The meteorological tower (aka "met tower") is set up to hold the instruments that monitor weather, and will later hold the inlet for the instrument that measures N2O5. In order to completely understand the lifetimes and cycles of N2O5, we need to monitor air temperature and wind speeds. Temperature will affect the rate of chemical reactions happening in the air, while wind speeds and directions will dictate the source of our air flow.


The tower consists of two identical levels, each at different heights. In the photo above, each level holds a wind vane (black), cup anemometer (black), sonic anemometer (silver), and temperature probe (white cylinder). Sonic anemometers use sound waves to measure wind speeds in all three dimensions, while the cup anemometers catch the air like ice cream scoops and spin relative to wind speed.

Typical nighttime wind flow at the Quist Farm site is from the northeast (~45 degrees). This typically occurs as a "drainage flow" from the city area of Fairbanks. Cold air is more dense than warm air, and will flow like water through terrain. The Quist Farm sits just downstream of Fairbanks in a valley. As cold air drains from the city at night it generates this general flow pattern. The above graph was made using the cup anemometer and wind vane data from the upper wind vane. It shows drainage flow on the night of 10/21/09. Keep in mind we use UTC standard time, so everything is synchronized. Therefore, 6AM on Oct. 22 (UTC standard) corresponds to 10PM on Oct. 21 (AK daylight).

Saturday, October 17, 2009

Quist Farm Field Site

GPS exact location of Field Site: N64 45.558 W148 06.371 543 ft

Our sub-Arctic field site is 20miles NNE of Fairbanks. We tracked our route out to the field site and the exact location. To identify the main wind flow direction and speed we used previous data to choose the location. Once we learned the primary wind direction was NNE from 0 to 90 degrees we choose this spot in the following video. The key characteristics of this site for the meteorology of this study are:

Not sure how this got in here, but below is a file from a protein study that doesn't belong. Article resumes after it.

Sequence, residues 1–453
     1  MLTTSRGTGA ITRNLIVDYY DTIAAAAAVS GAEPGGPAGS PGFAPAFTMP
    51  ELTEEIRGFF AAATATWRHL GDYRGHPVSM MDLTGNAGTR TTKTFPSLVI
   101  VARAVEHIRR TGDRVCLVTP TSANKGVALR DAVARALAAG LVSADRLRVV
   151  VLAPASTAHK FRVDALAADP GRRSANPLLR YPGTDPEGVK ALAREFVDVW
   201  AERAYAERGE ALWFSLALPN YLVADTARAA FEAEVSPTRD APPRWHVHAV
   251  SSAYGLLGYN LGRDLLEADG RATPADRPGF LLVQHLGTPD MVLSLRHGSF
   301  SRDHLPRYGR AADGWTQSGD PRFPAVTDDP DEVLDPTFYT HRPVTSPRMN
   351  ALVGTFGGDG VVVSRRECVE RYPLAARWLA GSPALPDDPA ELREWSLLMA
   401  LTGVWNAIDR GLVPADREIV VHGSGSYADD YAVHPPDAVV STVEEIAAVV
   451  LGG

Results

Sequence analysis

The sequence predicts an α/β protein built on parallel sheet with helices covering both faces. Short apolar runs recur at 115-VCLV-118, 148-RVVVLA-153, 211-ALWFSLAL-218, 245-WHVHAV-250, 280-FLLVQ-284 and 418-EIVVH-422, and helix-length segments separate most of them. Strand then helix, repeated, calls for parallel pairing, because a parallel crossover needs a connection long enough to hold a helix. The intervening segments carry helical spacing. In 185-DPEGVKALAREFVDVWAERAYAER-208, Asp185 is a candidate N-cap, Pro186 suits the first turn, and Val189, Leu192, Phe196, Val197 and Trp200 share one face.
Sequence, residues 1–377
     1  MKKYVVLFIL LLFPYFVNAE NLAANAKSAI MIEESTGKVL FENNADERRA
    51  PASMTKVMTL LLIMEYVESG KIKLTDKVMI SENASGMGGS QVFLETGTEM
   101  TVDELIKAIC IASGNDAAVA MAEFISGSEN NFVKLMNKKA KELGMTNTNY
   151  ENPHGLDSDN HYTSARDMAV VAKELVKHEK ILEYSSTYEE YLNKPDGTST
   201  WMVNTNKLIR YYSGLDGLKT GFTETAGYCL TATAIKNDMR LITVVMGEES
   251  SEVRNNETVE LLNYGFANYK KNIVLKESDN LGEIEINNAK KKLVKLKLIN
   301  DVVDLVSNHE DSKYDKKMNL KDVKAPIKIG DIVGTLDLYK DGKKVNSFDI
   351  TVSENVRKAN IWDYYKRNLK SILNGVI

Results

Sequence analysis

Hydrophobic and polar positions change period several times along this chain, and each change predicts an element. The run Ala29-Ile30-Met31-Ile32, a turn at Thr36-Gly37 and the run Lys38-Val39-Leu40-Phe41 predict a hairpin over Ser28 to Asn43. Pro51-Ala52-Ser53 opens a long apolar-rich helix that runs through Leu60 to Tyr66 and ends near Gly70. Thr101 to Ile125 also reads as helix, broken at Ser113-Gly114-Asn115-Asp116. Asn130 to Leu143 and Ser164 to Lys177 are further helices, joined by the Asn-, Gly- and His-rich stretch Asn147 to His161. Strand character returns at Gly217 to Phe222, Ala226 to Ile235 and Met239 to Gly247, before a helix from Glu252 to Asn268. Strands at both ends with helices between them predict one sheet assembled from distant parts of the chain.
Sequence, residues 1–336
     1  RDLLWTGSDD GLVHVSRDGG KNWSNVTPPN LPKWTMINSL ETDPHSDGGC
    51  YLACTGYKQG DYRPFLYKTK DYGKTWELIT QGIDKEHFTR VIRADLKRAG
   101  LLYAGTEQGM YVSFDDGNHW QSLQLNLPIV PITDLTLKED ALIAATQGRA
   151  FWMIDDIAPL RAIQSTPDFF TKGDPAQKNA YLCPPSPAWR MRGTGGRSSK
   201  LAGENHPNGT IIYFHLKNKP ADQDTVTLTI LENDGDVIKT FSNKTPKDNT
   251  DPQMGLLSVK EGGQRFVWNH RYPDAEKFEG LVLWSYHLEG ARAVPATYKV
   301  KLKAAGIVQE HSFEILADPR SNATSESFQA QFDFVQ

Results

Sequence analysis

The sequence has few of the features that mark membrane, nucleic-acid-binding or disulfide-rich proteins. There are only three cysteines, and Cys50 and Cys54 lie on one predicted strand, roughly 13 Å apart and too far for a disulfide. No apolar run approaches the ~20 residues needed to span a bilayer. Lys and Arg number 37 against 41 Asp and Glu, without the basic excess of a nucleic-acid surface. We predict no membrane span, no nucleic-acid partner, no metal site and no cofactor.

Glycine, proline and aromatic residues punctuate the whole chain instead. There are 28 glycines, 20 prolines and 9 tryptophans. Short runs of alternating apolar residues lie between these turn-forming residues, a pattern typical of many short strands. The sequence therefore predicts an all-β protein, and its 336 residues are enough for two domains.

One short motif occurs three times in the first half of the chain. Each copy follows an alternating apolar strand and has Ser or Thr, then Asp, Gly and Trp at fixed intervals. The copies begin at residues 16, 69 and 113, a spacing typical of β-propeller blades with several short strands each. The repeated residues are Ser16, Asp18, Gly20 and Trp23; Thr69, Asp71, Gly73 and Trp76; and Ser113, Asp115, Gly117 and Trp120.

1- Unobstructed path of wind flow in the NNE direction.
2- Flat undisturbed field with wind direction and flow coming from downtown Fairbanks (NNE of site).

video
This video shows the initial visit to the Quist Farm site. In order to avoid car traffic on this road, and obstruction in the path of the main wind direction NNE, we decided to use the Hut out in the middle of the field on a flat part of the land. We ran power from the post in the end of the video out to the final position of the Hut through conduit pipe that runs underneath the driveway. Pictures of the final position for the instruments will follow in upcoming posts.

Start of our Fall 2009 Field study: the hut

Patrick and Ben helped load the cold winter research hut up on the trailer using a ratchet system. We work with CRREL (Cold Regions Research and Engineering Laboratory) on Ft. Wainwright to obtain several key instruments and equipment for this project. Tom Douglas and Art Gelvin were instrumental to the field campaign by letting us use their meteorological tower and hut. We thank them for helping us with this project.